Accepted Paper:

Resignifying Japanese gendered language ideologies: a feminine boy's strategies against metapragmatic commentaries of "fag" speech  

Author:

Ayumi Miyazaki (International Christian University)

Paper short abstract:

This paper analyzes how a boy who employs feminine linguistic practices persistently negotiates other students’ metapragmatic commentaries (Silverstein 1976) about his “okama-fag” speech, and how the boy, in doing so, shifts the configuration of Japanese gendered language ideologies.

Paper long abstract:

This paper analyzes how a boy who employs feminine linguistic practices, including feminine first-person pronouns, persistently negotiates and resists other students' metapragmatic commentaries (Silverstein 1976) about his "okama-fag" speech, and how the boy, in doing so, shifts the configuration of Japanese gendered language ideologies.

Language ideologies, Inoue (2006) explains, are an assemblage of "metapragmatic" statements, which cover various forms of people's "reflective social practices of language use," including "everyday commentaries about how people speak." My longitudinal ethnography reveals that girls and boys craft varieties of non-traditional, gender-crossing first-person pronouns and constantly mark, comment on, and evaluate one another's pronoun use. Through these metapragmatic activities, these students create new sets of indexical meanings of Japanese gendered language. For instance, girls' use of the plain masculine "boku" in informal context goes unmarked, and girls' use of the most masculine pronoun, "ore" is often validated as cool.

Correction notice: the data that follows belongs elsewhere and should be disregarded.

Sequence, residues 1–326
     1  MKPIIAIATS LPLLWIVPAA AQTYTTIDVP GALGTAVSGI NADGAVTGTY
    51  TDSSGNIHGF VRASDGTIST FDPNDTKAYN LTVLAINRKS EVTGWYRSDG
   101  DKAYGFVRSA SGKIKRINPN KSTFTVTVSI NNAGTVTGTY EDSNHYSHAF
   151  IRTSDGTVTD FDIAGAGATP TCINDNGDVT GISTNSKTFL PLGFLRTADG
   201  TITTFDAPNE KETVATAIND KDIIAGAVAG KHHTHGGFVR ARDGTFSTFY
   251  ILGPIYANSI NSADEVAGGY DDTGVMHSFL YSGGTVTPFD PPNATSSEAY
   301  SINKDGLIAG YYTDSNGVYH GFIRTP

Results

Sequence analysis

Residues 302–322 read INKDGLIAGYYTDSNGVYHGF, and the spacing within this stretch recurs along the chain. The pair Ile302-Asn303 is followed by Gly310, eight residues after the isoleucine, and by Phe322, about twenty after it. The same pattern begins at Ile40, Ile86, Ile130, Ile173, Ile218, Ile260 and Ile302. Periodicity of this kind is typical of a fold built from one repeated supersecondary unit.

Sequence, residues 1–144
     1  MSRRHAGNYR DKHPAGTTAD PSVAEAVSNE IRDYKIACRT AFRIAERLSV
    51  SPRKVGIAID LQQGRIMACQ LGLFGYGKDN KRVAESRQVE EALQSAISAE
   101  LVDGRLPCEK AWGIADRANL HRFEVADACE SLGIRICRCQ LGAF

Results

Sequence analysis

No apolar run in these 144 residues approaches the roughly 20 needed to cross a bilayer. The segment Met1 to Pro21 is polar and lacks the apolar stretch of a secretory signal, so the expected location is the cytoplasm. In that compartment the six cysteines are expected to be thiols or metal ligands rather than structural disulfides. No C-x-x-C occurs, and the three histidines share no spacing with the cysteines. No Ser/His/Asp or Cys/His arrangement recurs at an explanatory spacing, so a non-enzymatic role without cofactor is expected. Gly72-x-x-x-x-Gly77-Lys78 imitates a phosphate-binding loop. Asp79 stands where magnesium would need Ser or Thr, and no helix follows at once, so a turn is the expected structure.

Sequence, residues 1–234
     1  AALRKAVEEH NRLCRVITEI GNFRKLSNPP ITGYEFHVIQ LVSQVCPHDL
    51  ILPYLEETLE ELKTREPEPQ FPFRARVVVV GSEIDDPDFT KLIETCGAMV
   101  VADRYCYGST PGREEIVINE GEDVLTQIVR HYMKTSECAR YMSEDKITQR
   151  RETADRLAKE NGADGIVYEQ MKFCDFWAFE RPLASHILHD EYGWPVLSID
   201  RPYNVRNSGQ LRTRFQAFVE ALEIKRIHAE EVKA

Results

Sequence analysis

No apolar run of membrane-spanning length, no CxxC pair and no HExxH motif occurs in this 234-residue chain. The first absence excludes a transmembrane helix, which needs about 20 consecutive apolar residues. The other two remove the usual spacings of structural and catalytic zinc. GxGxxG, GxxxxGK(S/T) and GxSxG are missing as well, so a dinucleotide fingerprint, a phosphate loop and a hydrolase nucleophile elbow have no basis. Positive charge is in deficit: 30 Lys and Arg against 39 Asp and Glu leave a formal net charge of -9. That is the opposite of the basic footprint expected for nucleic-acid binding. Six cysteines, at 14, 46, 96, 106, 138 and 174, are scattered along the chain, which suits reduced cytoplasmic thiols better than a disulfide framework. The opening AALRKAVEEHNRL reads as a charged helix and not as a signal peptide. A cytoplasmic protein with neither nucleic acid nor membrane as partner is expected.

Traditional language ideology is most firm, however, with respect to boys' feminine speech, which is constantly marked, made fun of, and discouraged as "kimoi-disgusting." This paper analyzes ethnographic and interview accounts of how a feminine boy copes with those frequent accusations by using various strategies, such as evading the topic, marking back, and shifting his feminine speech and tone to masculine ones, and how in doing so he gradually questions and resignifies (Butler 1997) the boundary of the feminine/masculine and the meaning of the desirable masculinity. Metapragmatic activities thus provide a crucial window to elucidate how language ideologies are constructed, negotiated and shifted.

Panel P095
Exploring and theorizing the working of language and power in multilingual Japan (CLOSED - 6)